Boston Herald

February 16, 2004

Page 4

Missing woman's dad: Searchers waited

By Marie Szaniszlo

Police in New Hampshire waited 36 hours before launching a full-scale search for a University of Massachusetts nursing student who vanished last week after crashing into a snowbank, according to the woman's father.

"I'm getting more scared by the hour," Maura Murray's father, Frederick, said yesterday from a motel near the Vermont state line. "Time could be running out for her. People just don't vanish."

Haverhill police and paramedics looked for the 21-year-old Hanson, Mass., native shortly after 7 p.m. Feb. 9, when an elderly couple reported that a car had crashed near their home on a sharp turn on Route 112.

But it was not until two days later that a state police helicopter, search-and-rescue dogs and New Hampshire Fish and Game officials began an intensive search because Haverhill police assumed she was likely a drunken driver who had left the scene, they told Frederick Murray. A witness whose help she declined told police she appeared to be intoxicated, and a bottle of alcohol was found in her car.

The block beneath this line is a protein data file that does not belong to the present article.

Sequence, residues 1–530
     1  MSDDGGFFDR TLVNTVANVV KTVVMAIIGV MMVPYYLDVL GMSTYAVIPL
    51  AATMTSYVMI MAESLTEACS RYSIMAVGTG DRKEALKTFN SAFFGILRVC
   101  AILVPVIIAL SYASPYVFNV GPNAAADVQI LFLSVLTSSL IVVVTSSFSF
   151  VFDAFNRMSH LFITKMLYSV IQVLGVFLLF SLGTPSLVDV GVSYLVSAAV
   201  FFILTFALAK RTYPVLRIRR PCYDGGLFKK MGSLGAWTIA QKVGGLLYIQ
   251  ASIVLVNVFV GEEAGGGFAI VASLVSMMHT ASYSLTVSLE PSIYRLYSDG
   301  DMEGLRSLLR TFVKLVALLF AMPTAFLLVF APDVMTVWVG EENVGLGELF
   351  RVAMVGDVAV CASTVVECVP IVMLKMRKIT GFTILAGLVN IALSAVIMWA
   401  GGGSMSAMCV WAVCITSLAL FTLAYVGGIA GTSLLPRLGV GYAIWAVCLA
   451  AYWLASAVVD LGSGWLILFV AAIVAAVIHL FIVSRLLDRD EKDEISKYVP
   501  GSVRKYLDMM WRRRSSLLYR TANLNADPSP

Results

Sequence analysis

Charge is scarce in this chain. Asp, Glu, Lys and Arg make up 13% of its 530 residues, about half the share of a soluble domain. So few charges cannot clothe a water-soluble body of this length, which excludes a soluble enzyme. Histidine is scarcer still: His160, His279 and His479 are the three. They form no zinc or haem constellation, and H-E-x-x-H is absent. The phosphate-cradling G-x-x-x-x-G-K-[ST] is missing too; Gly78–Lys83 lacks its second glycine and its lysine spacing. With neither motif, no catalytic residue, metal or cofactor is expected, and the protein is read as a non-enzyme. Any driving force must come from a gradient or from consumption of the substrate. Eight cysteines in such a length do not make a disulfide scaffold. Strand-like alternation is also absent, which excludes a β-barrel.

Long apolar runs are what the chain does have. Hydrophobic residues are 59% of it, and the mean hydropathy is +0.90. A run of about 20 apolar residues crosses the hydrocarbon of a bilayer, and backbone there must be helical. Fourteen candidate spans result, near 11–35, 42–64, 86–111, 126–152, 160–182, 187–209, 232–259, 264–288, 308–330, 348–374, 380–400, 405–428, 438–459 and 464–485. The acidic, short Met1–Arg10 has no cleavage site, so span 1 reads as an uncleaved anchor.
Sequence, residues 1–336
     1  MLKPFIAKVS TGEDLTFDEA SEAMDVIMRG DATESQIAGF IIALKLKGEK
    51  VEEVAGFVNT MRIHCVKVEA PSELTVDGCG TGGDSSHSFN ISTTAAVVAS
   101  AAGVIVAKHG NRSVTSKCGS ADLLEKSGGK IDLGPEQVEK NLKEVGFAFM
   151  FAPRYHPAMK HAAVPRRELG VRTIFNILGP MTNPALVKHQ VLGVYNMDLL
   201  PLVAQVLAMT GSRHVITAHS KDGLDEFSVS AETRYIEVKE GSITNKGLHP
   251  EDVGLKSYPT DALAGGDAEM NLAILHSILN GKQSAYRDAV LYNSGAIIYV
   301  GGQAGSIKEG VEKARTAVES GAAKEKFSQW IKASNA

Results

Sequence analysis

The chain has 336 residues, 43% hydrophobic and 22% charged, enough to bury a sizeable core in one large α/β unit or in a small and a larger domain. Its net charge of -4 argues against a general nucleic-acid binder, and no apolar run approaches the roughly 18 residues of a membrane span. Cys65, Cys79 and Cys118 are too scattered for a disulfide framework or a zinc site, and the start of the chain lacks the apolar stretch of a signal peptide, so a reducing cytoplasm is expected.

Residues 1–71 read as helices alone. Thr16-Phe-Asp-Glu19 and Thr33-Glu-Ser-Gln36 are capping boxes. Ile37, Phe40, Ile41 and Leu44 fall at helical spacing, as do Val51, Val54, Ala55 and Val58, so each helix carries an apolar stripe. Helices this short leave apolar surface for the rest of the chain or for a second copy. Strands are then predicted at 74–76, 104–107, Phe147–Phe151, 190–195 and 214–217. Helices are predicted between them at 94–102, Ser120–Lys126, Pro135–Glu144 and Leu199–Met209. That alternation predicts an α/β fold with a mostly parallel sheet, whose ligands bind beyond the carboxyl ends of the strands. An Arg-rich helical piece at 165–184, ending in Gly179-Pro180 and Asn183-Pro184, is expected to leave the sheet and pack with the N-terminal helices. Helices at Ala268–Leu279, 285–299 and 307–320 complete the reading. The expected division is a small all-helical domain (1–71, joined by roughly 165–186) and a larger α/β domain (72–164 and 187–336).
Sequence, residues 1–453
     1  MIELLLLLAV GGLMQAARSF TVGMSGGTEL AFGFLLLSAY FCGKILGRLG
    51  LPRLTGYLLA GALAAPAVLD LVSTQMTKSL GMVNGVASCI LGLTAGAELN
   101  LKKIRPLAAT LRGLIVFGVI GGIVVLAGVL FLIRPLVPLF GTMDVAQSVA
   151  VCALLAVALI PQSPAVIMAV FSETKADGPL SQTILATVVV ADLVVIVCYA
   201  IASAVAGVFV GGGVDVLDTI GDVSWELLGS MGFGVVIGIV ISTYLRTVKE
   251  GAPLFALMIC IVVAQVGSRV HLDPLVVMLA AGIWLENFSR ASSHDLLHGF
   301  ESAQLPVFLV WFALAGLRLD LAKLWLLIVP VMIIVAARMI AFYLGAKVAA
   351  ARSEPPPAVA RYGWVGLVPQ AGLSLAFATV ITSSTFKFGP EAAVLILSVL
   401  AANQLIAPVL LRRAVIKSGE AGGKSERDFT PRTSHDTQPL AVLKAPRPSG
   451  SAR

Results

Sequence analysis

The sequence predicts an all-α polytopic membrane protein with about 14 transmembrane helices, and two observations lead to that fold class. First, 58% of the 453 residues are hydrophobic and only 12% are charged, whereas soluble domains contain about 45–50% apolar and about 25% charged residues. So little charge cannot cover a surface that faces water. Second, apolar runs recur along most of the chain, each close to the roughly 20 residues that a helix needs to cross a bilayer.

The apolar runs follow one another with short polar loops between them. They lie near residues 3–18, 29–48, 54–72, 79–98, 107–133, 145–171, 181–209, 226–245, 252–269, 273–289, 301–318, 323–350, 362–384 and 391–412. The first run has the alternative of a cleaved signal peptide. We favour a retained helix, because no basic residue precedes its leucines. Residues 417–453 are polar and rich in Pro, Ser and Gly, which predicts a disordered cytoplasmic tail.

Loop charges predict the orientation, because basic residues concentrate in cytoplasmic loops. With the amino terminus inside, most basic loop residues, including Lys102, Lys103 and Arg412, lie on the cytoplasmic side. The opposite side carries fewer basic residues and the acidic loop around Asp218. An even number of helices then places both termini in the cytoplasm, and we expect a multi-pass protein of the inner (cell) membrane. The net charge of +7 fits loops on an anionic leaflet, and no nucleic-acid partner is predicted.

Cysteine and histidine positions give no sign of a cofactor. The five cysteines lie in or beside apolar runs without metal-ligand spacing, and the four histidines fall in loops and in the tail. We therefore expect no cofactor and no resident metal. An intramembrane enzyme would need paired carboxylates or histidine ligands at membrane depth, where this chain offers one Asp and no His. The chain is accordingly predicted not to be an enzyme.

Tracking dogs ultimately lost her scent within 100 feet of the accident, leading investigators to believe she hitched a ride.

Since then, Murray's family, her boyfriend and his parents have driven from New Hampshire to Vermont to Maine, distributing fliers with her photograph and a plea for anyone with information about her whereabouts to call state police.

Until then, why she left remains as much a mystery as where she went. A star athlete who majored in engineering at West Point for three semesters, Murray transferred in 2002 to UMass-Amherst, where she regularly made the dean's list.

Last Thursday, she received an "upsetting" phone call at the art gallery where she worked, her father said, but he did not know what it concerned. That Saturday, she got into an accident with his car, and called her boyfriend Sunday in tears.

The next day she sent three e-mails: one to her boyfriend saying she wanted to talk and the others to a professor and the gallery saying she would be away for the next week to resolve some "family concerns."

Then she withdrew a few hundred dollars at an ATM and left for the White Mountains.